Numbers 9:2-5 Let the children of Israel keep the Passover at its appointed time. On the fourteenth day of this month, at twilight, you shall keep it at its appointed time. According to all its rites and ceremonies you shall keep it.” So Moses told the children of Israel that they should keep the Passover. And they kept the Passover on the fourteenth day of the first month, at twilight, in the Wilderness of Sinai; according to all that the Lord commanded Moses, so the children of Israel did.
The key phrase here is “According to all its rites and ceremonies”. Does Passover only include the slaying of a lamb? No! All of it rites and ceremonies included the roasting of the lamb, eating the lamb with unleavened bread and bittern herbs, burning any leftovers before morning. When is the Passover and all its rites and ceremonies to be observed? As it is stated everywhere in God’s inspired word, “on the fourteenth”. When does it begin on the fourteenth? At twilight, at the beginning of the fourteenth. If Passover was to be on another day it would have been so stated as in “on the fifteenth at twilight”. But this is never the case. Those who argue about what the Bible means when it say “between the two evenings” and want to keep Passover on the night of the fifteenth have no scriptural support. They would have to kill and eat the Passover lamb, or partake of the Passover symbols that Jesus Christ gave us, at the close of the fourteenth and quickly finish before the fifteenth began. But this they do not do. And that is not acceptable as we have already seen that the Passover was to be eaten during the "night" time portion of the fourteenth as first observed in Exodus 12. Verse 5 again states that Passover is “on the fourteenth”, yes, at twilight, but twilight of the fourteenth, not twilight on the fifteenth.
Numbers 9:10-12 Speak to the children of Israel, saying: If anyone of you or your posterity is unclean because of a corpse, or is far away on a journey, he may still keep the Lord’s Passover. On the fourteenth day of the second month, at twilight, they may keep it. They shall eat it with unleavened bread and bitter herbs. They shall leave none of it until morning, nor break one of its bones. According to all the ordinances of the Passover they shall keep it.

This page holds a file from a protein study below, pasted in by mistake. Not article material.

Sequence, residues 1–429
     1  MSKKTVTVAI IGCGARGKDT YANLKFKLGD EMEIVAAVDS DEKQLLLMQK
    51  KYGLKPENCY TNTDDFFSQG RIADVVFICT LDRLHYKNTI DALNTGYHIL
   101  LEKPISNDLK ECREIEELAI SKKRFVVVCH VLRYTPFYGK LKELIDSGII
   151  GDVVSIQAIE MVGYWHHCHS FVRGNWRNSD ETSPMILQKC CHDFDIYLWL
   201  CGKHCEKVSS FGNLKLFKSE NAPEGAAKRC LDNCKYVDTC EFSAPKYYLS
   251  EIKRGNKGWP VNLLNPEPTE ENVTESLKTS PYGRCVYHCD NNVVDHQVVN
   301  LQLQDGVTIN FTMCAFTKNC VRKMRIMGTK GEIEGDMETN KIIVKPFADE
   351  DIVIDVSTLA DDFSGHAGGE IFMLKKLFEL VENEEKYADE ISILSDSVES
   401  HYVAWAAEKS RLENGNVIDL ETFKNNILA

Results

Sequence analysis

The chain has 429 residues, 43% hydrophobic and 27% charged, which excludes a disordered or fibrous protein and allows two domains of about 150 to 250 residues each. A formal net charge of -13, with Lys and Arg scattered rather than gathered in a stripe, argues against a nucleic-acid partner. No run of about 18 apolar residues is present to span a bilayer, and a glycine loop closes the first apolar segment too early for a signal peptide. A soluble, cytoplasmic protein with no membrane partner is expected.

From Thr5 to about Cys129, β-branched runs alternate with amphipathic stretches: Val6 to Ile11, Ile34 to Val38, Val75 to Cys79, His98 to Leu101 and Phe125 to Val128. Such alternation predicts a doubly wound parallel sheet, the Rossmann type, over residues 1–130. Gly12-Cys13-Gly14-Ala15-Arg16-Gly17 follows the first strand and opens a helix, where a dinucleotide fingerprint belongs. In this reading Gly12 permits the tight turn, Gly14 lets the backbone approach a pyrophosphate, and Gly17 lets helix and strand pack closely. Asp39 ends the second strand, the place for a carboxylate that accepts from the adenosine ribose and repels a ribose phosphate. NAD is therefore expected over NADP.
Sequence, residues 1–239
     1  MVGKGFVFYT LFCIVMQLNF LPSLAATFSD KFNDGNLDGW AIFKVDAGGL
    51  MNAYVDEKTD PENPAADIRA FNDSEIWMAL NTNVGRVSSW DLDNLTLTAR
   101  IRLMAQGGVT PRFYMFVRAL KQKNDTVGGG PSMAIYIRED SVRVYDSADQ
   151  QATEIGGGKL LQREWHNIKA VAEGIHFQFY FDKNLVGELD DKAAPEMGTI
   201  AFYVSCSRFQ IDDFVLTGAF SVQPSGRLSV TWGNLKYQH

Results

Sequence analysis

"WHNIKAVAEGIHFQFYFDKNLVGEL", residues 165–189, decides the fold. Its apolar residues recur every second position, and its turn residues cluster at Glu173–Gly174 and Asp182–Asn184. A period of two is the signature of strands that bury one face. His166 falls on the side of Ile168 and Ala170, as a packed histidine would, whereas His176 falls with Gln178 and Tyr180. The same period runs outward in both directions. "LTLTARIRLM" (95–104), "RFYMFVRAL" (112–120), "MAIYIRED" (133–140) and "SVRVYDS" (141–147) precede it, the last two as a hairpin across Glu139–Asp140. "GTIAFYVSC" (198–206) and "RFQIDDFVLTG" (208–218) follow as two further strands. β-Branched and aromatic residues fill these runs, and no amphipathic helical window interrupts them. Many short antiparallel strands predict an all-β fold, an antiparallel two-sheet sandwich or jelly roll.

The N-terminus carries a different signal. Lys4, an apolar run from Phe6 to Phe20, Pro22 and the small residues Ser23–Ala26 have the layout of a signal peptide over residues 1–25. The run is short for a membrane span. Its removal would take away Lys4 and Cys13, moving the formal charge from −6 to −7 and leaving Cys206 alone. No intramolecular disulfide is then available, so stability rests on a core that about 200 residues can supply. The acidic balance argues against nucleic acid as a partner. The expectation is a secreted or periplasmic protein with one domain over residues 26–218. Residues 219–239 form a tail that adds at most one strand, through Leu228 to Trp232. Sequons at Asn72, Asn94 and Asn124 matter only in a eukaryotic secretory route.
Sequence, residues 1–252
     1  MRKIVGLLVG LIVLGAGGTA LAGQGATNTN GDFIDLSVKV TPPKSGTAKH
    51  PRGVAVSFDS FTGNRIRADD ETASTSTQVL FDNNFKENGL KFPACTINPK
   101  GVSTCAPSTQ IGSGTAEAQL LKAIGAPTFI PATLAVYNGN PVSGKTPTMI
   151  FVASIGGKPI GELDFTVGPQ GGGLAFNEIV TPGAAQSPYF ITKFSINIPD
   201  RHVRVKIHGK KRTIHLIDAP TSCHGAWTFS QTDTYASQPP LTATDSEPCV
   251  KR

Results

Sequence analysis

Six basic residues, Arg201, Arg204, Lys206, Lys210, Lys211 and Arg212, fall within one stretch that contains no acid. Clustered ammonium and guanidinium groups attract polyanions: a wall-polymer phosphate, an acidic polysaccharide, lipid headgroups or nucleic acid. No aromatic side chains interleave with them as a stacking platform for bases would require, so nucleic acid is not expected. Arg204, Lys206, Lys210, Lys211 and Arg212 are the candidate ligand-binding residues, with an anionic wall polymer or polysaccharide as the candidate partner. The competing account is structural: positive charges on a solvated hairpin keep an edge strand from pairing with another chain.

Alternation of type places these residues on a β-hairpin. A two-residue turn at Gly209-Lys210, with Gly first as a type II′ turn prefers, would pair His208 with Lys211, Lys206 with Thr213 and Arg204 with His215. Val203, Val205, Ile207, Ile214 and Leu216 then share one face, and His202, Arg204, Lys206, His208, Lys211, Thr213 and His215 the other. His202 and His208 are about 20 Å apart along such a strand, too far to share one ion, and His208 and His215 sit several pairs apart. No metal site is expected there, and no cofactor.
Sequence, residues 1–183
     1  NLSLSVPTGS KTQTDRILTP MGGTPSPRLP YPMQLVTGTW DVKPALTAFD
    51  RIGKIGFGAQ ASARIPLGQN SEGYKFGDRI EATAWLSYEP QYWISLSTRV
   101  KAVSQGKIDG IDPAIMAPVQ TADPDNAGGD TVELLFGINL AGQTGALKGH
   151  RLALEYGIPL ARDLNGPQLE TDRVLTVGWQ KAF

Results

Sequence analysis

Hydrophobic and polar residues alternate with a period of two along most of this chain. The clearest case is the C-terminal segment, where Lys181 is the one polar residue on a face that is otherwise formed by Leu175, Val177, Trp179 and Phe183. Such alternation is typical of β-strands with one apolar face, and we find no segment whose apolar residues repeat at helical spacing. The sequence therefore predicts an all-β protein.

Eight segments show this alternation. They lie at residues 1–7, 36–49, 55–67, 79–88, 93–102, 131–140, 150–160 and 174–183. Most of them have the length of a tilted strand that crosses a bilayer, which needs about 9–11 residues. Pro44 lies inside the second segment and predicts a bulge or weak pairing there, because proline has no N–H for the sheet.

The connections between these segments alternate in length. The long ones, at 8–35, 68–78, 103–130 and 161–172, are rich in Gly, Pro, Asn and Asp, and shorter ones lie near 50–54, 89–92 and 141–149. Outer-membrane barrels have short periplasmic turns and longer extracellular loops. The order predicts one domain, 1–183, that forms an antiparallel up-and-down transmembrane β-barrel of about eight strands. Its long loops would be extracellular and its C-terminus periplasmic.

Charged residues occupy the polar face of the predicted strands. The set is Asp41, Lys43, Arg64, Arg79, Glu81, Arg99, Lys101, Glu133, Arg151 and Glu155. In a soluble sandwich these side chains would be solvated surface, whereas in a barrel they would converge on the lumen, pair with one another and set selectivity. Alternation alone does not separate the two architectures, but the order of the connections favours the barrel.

A “second Passover” for those on a journey or defiled was instituted in these verses. There was no “second Days of Unleavened Bread”. The person on a journey or defiled was to keep the seven day feast of Unleavened Bread always in the first month no matter their location or situation. The point being, there is no Holy Day on the fifteenth of the second month upon which to eat the “second Passover”. The “second Passover” was to be kept on the fourteenth day of the second month. The “second Passover” with its instructions that state the Passover lamb was to be eaten with unleavened bread and bitter herbs according to all the ordinances of the Passover help prove that no part of the Passover can take place on the fifteenth.
Numbers 28:16-17 On the fourteenth day of the first month is the Passover of the Lord. And on the fifteenth day of this month is the feast; unleavened bread shall be eaten for seven days.
“On” the fourteenth day of the first month is the Passover. “On” the fifteenth day of' the same month begins the feast for seven days. Passover and the first day of Unleavened Bread, a Holy Day, are always mentioned in the Old Testament as separate events on separate days. Confusion arises when following what the Jews did in New Testament times because they did not follow these Bibical instructions. We should obey the instructions of God’s inspired word, not the customs of the Jewish religion when they differ from the Bible.
Numbers 33:3 They departed from Rameses in the first month, on the fifteenth day of the first month; on the day after the Passover the children of Israel went out with boldness in the sight of all the Egyptians.